“We see the market for sexual health and sexual wellness products becoming less taboo, with more high-profile endorsements driving a wider base of customers who are seeking out products to enhance their sexual experiences,” Alexander said. “We also see specialty adult and high-end lingerie boutiques growing stronger and more successful as consumers feel comfortable about finding out about how high-quality products like the We-Vibe family of products can enhance their sex lives.”
Suki Dunham also notes that she has strived to make their products more accessible and relatable at OhMiBod and Bedroom Kandi, injecting her own personal story into the products — thus helping to support what defines a “luxury” brand.
“Brian and I have been together for 26 years...and have shared a lot of things together,” Dunham said. “The collection of the Lovelife line expresses not only the kinds of toys we enjoy using together, but also reflects the things that we believe make relationships successful. This was communicated through the naming convention we took for this line. For example, the product names are Adventure, Share, Smile, Cuddle, Dream, Discover and so on. These are all things that we ‘do’ together as a couple, and things that we feel have helped us maintain a healthy long-term relationship together.”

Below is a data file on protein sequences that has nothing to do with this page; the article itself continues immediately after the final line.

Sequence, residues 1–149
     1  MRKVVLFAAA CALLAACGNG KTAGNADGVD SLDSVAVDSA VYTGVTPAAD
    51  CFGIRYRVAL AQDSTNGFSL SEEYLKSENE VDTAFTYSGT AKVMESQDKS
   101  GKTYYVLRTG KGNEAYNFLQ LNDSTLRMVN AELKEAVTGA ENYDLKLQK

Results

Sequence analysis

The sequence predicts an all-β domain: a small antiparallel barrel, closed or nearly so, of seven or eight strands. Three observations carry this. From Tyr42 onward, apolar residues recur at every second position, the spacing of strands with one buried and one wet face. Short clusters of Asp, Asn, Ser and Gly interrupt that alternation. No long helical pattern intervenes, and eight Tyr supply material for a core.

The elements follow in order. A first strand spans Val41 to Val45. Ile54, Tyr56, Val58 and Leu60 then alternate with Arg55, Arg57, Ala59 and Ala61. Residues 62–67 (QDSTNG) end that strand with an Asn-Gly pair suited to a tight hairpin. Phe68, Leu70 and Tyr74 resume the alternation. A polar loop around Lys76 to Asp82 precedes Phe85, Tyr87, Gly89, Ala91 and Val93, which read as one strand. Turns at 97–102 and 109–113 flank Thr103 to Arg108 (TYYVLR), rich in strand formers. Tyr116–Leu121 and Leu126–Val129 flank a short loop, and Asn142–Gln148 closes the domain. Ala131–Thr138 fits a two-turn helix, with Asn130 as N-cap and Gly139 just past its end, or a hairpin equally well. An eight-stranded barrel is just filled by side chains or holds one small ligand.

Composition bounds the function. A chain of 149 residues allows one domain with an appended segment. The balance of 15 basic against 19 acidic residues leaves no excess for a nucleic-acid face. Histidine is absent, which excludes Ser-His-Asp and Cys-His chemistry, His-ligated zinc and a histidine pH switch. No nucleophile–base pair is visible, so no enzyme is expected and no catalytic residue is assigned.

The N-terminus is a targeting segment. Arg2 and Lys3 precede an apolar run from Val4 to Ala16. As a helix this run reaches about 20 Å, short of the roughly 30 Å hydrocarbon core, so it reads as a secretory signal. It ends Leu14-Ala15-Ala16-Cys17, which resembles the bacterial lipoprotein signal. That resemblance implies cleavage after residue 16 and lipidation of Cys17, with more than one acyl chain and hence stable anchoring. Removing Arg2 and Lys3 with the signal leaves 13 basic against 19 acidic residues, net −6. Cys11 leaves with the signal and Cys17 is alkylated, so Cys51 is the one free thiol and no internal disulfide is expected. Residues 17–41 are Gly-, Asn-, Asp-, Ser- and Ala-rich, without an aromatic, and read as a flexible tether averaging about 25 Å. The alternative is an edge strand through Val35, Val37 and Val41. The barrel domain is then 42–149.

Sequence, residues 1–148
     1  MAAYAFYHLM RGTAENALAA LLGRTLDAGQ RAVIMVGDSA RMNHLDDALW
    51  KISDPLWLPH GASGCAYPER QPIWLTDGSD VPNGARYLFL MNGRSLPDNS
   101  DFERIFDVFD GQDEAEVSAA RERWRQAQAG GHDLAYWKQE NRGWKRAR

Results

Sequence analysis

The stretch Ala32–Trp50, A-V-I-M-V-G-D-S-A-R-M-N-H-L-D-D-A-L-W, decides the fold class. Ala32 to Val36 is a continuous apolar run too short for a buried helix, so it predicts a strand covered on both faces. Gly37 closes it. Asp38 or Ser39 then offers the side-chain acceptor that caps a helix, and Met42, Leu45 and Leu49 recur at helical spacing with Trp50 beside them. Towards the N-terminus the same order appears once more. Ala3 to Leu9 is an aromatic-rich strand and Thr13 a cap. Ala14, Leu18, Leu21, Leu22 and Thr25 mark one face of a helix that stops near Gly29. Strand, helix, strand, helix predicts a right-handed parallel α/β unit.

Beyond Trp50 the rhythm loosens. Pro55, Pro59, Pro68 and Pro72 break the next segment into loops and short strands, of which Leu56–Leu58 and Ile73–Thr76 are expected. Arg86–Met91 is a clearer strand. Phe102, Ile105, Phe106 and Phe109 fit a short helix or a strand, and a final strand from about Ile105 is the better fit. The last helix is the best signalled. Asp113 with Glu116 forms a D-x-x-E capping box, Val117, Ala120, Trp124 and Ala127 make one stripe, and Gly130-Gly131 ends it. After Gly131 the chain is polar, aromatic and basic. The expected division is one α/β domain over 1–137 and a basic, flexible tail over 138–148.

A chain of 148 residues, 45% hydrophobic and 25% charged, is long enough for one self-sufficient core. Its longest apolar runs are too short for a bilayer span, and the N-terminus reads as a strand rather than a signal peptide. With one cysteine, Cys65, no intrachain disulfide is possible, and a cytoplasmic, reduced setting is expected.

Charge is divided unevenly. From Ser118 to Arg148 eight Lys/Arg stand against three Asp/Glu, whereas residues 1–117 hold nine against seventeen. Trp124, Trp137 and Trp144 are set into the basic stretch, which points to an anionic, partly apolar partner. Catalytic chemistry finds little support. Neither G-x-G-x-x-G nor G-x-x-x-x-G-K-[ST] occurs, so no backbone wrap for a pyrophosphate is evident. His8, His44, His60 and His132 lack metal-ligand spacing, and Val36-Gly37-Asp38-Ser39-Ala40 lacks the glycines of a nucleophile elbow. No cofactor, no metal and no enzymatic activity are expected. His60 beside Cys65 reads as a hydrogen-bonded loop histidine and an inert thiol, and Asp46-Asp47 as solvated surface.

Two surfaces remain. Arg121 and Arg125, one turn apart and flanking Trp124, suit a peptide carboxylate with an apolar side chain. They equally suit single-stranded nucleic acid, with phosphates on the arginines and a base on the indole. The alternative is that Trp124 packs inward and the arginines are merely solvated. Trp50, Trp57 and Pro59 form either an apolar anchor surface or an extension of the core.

Colvin adds that her goal for California Exotic Novelties from day one was to market sex toys and novelties differently. To appeal to women and couples, she says, it’s important that the packaging and supporting advertising is geared to them.
“Art that sells is our objective,” Colvin says. “We recently brought in an in-house creative expert, Joe Tuzzolino, to help as we create graphics, signage and advertisements that are similar to those found in high-fashion magazines.
“Take a look at the cheeky Posh campaign, or the carnal sexiness of Body & Soul, for example. These collections zero-in on what the consumer craves deep down inside. They are not only appealing, they are surprising. Entice, Scandal, Jack Rabbits, Kisses and more are all collections with planned marketing strategies and brand identities that are an obvious departure from how toys were marketed even just a few years ago.”
Over at sister company JOPEN, Robin Stewart says the marketing approach includes an attitude about maintaining the brand’s integrity above all else. “One of the core functions of my job as brand manager is to ensure that the manufacturer’s suggested retail price is honored by official JOPEN retailers. To sully a brand by offering its products as loss leaders and undercut others to maintain an unhealthy competitive edge degrades the brand.”
Just under three years old, JOPEN has grown, evolved and responded to the market in many ways. “Our keen research and development people stay in-tune with market trends and the needs of consumers. Doing so helps us respond to changes such as demands for the best functions, most opulent designs and newest innovations. Keeping up with consumer preferences and desires is how we — and the luxury market as a whole — evolves and expands.”
The Shape of Things to Come